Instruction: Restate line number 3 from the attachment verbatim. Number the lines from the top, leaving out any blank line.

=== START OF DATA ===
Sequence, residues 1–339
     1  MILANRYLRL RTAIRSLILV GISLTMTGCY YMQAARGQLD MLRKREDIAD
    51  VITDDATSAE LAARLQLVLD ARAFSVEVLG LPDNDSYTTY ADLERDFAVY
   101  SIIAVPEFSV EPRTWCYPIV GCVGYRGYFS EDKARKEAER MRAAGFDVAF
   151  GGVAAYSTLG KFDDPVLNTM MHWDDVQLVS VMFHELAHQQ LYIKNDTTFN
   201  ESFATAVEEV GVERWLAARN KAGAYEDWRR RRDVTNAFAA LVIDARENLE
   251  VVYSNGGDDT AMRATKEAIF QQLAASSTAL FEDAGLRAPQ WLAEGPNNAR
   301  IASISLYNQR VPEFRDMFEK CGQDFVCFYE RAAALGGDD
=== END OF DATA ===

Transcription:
    51  VITDDATSAE LAARLQLVLD ARAFSVEVLG LPDNDSYTTY ADLERDFAVY